Another reason given by Beauvoir as to why females become lesbians is due to differences in sexual development where two types of women described as vaginal and clitoral women exist. The clitoral women are said to be more predisposed to Sapphic love than the vaginal women. However, these differences are also explained to be based on the infantile developments in sexual desire which appear as unfinished development in the clitoral females. Moreover, persons may also develop lesbian characteristics as a way of masculine protests and also due to infantile fixation which results from differences in upbringing. Despite the differences in factors that initiate lesbianism, the characteristics of lesbians are said to be more or less similar through the consideration of factors such as libido, and aggressiveness.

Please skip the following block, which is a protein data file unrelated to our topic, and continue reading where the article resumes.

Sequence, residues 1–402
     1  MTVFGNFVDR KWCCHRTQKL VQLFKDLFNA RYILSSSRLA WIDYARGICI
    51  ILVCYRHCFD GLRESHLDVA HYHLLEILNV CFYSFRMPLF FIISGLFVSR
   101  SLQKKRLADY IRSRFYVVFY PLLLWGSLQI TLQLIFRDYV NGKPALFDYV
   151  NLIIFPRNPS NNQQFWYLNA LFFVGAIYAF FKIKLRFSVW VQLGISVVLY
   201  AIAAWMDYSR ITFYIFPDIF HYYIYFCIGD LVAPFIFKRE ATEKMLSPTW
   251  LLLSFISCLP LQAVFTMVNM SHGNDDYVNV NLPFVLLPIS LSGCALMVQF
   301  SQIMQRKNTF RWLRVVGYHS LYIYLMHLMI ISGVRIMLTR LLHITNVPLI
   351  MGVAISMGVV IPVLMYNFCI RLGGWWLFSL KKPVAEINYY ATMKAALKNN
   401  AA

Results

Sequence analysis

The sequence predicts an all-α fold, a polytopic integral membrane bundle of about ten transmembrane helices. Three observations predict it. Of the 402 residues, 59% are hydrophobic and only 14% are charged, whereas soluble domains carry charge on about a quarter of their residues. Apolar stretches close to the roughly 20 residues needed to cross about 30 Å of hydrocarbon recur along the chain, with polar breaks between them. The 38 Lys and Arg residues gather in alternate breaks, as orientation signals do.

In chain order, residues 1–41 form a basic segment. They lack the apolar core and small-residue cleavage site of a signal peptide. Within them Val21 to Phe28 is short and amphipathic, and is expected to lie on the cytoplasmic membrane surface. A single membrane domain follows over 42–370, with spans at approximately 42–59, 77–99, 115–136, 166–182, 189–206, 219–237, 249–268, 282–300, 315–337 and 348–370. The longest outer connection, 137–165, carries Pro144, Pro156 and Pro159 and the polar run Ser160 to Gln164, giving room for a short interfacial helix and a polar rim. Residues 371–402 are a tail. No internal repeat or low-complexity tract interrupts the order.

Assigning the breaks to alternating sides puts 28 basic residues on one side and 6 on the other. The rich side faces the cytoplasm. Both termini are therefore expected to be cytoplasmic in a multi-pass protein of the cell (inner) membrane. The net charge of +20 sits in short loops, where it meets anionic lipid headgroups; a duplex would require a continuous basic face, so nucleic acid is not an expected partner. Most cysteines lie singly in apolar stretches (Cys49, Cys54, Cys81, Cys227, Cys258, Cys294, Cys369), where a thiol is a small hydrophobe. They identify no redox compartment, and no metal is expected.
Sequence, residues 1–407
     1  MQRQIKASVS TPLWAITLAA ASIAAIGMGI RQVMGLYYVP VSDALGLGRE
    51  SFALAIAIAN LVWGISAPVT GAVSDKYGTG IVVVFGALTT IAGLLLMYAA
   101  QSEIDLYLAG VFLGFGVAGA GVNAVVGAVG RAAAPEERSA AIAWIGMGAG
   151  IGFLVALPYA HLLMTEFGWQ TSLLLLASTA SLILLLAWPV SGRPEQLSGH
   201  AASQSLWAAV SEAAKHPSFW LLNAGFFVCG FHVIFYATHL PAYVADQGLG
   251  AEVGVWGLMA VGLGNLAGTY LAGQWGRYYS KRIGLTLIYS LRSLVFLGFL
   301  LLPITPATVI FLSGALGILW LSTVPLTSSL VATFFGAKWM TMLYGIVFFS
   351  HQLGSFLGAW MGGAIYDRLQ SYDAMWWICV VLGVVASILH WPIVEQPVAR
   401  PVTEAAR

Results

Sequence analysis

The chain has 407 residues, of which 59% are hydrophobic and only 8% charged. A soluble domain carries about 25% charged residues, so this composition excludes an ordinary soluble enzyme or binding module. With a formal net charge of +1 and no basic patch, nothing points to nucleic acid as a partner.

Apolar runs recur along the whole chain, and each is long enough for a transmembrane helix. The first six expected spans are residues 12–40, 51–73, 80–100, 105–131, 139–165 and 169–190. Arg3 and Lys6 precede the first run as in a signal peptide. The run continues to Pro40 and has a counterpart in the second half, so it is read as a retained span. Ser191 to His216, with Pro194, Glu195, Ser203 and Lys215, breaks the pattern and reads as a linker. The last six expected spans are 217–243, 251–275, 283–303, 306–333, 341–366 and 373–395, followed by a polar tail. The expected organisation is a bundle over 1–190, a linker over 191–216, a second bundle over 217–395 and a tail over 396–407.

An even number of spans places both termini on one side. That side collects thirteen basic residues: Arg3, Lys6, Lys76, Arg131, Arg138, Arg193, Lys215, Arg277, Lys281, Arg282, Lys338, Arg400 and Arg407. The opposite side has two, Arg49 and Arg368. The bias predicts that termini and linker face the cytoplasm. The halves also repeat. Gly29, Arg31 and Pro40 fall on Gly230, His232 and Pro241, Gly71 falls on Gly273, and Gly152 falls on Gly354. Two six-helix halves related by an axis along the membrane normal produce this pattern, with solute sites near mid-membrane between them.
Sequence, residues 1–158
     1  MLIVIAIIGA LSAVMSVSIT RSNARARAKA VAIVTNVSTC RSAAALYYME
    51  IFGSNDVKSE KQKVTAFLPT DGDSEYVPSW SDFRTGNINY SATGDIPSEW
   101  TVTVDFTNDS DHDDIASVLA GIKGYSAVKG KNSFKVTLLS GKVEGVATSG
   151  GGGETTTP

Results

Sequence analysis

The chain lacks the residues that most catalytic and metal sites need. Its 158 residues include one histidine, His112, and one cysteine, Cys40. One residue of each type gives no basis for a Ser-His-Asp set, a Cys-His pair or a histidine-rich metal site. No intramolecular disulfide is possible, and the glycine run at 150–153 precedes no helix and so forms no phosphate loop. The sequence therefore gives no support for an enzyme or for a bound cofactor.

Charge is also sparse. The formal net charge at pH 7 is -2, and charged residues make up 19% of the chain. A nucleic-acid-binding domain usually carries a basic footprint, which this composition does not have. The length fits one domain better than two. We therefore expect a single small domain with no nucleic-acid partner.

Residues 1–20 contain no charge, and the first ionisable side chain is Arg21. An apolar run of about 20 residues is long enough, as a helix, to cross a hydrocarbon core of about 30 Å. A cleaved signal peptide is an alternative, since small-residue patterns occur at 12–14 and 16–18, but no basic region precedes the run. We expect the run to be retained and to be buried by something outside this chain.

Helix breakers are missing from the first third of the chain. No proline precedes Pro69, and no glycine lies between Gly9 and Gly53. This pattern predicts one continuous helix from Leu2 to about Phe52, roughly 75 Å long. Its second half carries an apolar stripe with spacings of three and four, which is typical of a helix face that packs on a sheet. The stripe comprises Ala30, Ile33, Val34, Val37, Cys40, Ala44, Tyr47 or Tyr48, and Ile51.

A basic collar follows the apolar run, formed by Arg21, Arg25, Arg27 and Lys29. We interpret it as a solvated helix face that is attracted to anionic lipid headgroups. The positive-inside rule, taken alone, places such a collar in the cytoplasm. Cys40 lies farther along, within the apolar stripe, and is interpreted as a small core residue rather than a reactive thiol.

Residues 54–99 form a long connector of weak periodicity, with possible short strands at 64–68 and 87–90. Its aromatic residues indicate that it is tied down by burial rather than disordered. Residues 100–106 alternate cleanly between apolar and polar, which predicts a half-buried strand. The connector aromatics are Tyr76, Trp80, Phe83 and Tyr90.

From the point of view of the author, lesbians have higher libidos compared to the heterosexual females, and their libidos tend to nearly match those of males. This results in the distinction of two types of lesbians, either feminine or masculine. It is the masculine lesbians that cause confusion in consideration of their similarity with the virago. However, while the virago may adopt male behaviors as form of liking, the lesbian tends to adapt those characteristics to conform to the expectations of the male gender and to avoid being undermined as a female. This does not however imply that discrimination may not result or that lesbians will be self-sufficient in their sexuality. As a matter of fact, several issues still arise which impact the lesbians’ views about themselves and about the society as a whole. As reported by Beauvoir, lesbians still face challenges such as the appearance of incompleteness as a woman since they remain eunuchs despite their engagement of other women. Moreover, they also remain impotent as men since they have no developed male sexual characteristics. The life of the lesbian can thus be described as a perpetual dilemma, always having to make decisions on whether to remain in their lack of productivity or to change their sexual orientation.